It’s Harder Than You Think to “Drink Responsibly”
Recovering alcoholics can readily admit that self-control and the ability to limit your drinking is more of a lie that you tell yourself, than truth. Responsible drinking disappears completely the moment you begin to drink to change your mood or to relieve anxiety. Once you start self-medicating anxiety with alcohol, you put the symptoms of your anxiety in control. Your anxiety now tells you when you need a drink, rather than your brain deciding you want to enjoy a drink responsibly.
Anxiety and Alcoholism: Recipe for Alcohol Dependence
Did you know that the main symptom of alcohol withdrawal is anxiety?
Most people don’t realize that anxiety usually accompanies alcohol cravings. In-fact, anxiety comes alongside nicotine cravings, and other drug cravings. That anxiety is sort of like your body/brain poking you in the nervous system to get your attention. Your body and brain are saying, “I don’t feel well chemically, and you need to consume other chemicals to give me relief.”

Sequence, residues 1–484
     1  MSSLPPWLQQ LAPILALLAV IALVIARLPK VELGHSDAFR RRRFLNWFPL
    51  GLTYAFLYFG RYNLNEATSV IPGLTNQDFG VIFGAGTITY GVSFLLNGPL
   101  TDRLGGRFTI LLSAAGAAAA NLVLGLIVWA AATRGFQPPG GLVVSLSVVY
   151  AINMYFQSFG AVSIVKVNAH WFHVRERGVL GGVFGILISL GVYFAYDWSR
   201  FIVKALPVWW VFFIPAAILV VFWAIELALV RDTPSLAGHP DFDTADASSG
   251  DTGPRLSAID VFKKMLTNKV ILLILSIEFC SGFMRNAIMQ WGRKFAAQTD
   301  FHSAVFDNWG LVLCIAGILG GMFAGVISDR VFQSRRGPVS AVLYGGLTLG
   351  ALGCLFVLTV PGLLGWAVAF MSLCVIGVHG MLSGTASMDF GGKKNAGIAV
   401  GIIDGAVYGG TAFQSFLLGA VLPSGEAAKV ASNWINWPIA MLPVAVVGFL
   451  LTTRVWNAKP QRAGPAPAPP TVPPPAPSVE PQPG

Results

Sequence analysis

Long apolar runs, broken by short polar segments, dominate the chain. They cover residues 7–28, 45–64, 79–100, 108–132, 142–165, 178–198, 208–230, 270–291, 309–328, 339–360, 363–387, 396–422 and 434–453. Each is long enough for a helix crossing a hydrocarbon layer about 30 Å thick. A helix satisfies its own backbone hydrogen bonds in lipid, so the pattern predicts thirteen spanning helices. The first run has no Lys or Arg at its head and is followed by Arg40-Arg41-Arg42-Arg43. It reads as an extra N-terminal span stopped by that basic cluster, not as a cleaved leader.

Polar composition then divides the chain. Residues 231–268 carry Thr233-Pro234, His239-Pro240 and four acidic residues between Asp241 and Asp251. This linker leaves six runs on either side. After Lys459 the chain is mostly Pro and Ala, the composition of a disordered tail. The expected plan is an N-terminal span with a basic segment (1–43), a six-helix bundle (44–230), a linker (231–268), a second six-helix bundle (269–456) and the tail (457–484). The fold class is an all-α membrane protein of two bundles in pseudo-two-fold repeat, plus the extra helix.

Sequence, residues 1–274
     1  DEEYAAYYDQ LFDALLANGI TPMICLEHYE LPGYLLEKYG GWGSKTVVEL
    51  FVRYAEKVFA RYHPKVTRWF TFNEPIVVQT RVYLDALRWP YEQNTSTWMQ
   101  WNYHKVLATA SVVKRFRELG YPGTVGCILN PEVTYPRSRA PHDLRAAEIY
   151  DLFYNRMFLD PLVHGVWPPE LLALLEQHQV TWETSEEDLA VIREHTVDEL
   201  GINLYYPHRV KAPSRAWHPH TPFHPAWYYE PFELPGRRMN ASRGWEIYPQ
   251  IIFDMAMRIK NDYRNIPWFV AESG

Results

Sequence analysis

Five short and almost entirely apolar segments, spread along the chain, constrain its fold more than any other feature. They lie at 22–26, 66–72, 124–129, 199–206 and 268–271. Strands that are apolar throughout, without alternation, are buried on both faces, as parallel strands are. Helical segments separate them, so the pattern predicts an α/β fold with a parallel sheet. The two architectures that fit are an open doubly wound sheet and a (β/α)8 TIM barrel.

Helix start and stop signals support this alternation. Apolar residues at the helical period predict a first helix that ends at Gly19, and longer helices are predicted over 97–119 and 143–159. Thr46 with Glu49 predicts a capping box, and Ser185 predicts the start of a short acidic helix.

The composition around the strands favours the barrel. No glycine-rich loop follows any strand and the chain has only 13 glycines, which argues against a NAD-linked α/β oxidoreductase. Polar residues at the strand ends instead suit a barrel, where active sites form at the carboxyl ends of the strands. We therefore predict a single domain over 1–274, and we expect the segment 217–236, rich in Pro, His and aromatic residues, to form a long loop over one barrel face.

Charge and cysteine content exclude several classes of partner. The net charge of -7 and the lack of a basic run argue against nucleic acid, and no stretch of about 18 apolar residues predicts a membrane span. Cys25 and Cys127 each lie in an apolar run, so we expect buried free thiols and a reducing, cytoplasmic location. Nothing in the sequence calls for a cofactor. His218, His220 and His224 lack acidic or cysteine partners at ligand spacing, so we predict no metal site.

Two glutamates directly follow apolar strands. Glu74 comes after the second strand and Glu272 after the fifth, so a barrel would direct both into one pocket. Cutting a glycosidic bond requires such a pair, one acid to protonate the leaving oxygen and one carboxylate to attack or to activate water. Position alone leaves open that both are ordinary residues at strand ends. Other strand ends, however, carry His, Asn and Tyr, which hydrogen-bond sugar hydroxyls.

The more alcohol your system is used-to having, the worse the anxiety will be when not drinking — especially as alcohol is leaving your system completely or detoxing.
Alcohol and Anxiety Attacks
Most people who have been abusing alcohol heavily for a while will have their first wake-up call to the seriousness of the problem when anxiety attacks begin. Usually this starts as an intense hangover after a binge drinking session. Alcohol withdrawals swell so intensely, that you can have an anxiety attack or panic attack or multiple attacks within 24-48 hours after an alcohol binge.
Someone who has been self-medicating their anxiety with alcohol for a period of time is not getting rid of their anxiety; they are numbing themselves to the awareness of the anxiety. Anxiety suffers that self medicate with alcohol are only putting off that anxiety until later; when the anxiety does return, it is often more intense and persistent.